Rapid electron exchange between surface-exposed bacterial cytochromes and Fe(III) minerals

Gaye White, Zhi Shi, Liang Shi, Zheming Wang, Alice C. Dohnalkova, Matthew J. Marshall, James K. Fredrickson, John M. Zachara, Julea N. Butt, David J. Richardson, Thomas A. Clarke

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164 Citations (Scopus)


The mineral-respiring bacterium Shewanella oneidensis uses a protein complex, MtrCAB, composed of two decaheme cytochromes, MtrC and MtrA, brought together inside a transmembrane porin, MtrB, to transport electrons across the outer membrane to a variety of mineral-based electron acceptors. A proteoliposome system containing a pool of internalized electron carriers was used to investigate how the topology of the MtrCAB complex relates to its ability to transport electrons across a lipid bilayer to externally located Fe(III) oxides. With MtrA facing the interior and MtrC exposed on the outer surface of the phospholipid bilayer, the established in vivo orientation, electron transfer from the interior electron carrier pool through MtrCAB to solid-phase Fe(III) oxides was demonstrated. The rates were 10(3) times higher than those reported for reduction of goethite, hematite, and lepidocrocite by S. oneidensis, and the order of the reaction rates was consistent with those observed in S. oneidensis cultures. In contrast, established rates for single turnover reactions between purified MtrC and Fe(III) oxides were 10(3) times lower. By providing a continuous flow of electrons, the proteoliposome experiments demonstrate that conduction through MtrCAB directly to Fe(III) oxides is sufficient to support in vivo, anaerobic, solid-phase iron respiration.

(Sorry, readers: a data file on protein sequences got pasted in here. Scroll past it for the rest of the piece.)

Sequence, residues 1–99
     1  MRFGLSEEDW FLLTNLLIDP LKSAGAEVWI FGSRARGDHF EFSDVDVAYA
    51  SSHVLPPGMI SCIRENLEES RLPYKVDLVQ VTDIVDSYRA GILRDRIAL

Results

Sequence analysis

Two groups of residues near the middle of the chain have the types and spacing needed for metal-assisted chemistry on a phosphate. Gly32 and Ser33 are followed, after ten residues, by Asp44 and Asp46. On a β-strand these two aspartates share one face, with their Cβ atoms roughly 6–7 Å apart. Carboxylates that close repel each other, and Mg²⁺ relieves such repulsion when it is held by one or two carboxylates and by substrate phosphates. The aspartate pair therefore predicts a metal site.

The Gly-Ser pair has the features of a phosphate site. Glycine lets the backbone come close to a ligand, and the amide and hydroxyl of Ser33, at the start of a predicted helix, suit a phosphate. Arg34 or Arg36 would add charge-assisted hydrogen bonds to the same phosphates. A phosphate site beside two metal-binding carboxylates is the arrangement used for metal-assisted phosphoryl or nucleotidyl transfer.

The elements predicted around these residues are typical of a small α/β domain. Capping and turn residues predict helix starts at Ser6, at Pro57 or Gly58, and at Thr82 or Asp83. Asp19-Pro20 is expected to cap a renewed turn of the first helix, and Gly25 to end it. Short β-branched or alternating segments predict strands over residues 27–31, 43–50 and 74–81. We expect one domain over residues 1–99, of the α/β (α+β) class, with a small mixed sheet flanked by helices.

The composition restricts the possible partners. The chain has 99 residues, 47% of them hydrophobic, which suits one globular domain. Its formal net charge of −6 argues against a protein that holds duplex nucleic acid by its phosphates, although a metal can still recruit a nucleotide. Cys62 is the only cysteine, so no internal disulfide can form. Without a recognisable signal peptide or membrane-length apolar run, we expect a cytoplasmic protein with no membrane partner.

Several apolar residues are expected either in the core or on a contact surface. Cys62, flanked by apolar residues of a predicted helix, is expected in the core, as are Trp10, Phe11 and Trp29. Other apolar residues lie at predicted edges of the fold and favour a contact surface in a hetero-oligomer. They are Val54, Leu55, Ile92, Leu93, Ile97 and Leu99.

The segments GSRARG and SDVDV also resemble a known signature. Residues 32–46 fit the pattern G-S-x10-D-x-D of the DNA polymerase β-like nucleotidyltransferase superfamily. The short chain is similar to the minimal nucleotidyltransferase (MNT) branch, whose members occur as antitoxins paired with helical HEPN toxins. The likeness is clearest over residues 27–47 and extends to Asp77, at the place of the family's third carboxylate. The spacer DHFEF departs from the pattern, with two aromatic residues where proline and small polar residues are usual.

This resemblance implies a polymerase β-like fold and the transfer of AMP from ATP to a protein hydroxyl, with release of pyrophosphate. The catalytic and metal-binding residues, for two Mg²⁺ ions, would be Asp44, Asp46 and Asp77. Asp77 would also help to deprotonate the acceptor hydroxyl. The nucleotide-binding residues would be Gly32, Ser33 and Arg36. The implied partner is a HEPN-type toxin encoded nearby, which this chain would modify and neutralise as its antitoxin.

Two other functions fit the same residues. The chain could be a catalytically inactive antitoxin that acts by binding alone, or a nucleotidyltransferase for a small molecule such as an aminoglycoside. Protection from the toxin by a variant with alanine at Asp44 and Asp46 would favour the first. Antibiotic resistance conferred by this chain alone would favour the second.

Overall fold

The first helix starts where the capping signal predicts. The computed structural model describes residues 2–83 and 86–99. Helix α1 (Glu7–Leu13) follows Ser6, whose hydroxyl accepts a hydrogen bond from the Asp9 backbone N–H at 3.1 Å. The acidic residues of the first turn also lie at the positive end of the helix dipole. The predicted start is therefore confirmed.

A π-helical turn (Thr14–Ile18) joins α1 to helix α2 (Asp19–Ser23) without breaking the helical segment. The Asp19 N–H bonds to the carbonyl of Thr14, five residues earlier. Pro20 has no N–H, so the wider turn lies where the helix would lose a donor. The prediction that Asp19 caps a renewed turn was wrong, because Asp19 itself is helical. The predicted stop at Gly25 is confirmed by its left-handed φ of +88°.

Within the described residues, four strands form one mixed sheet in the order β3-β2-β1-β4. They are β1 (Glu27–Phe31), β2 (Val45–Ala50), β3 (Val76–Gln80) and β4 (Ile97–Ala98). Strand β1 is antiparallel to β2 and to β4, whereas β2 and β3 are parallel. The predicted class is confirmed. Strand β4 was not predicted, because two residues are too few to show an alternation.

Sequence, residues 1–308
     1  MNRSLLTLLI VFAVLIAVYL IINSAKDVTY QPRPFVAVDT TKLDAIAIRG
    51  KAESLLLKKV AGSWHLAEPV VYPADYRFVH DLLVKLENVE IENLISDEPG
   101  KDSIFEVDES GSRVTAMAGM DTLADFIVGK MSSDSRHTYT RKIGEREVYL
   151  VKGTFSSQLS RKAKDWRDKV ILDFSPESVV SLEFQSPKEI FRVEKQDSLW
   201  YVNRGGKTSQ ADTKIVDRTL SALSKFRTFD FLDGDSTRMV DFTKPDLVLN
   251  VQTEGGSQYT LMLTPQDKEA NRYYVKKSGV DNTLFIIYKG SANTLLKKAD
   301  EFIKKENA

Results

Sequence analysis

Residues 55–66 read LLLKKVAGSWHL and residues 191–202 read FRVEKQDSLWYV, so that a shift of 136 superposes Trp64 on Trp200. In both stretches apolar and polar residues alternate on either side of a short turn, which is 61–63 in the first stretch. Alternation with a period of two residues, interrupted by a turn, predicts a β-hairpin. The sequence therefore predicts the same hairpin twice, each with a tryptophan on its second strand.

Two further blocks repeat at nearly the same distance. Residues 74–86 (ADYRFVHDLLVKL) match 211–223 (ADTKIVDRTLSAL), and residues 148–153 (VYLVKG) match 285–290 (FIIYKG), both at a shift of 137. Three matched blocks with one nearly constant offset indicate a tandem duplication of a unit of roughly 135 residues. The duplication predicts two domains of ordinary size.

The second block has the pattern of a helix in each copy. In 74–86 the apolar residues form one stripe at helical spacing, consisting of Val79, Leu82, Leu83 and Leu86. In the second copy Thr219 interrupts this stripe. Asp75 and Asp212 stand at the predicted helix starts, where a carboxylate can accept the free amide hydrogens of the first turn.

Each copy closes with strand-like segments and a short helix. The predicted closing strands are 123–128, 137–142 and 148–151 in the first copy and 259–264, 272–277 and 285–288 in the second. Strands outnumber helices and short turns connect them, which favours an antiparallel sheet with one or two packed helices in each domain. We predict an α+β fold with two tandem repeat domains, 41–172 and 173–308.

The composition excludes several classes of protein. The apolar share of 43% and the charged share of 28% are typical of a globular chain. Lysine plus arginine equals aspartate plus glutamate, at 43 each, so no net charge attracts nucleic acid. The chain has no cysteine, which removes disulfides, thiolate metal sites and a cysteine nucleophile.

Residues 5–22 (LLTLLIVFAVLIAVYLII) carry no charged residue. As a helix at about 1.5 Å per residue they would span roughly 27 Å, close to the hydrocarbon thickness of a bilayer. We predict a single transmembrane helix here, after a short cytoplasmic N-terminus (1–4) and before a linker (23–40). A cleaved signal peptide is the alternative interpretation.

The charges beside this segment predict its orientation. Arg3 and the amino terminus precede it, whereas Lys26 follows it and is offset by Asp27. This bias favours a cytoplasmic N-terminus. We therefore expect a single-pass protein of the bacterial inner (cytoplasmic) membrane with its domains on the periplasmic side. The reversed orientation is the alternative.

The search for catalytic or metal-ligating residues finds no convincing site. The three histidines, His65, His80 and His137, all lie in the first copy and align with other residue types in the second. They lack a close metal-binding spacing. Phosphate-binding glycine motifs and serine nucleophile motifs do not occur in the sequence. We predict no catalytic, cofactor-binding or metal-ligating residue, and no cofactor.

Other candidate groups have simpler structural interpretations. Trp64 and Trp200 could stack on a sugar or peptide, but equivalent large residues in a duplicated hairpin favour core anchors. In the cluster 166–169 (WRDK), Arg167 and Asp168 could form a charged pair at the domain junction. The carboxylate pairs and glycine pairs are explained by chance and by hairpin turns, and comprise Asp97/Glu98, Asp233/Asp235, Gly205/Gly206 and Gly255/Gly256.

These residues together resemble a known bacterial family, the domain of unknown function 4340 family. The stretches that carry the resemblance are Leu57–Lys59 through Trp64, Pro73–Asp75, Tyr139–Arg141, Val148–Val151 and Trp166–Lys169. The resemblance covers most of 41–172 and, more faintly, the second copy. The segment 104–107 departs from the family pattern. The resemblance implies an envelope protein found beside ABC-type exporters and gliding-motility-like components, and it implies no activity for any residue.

Original languageEnglish
Pages (from-to)6346-6351
Number of pages6
JournalProceedings of the National Academy of Sciences of the United States of America (PNAS)
Issue number16
Early online date28 Mar 2013
Publication statusPublished - 16 Apr 2013


  • cytochrome, mineral respiration, electron transfer

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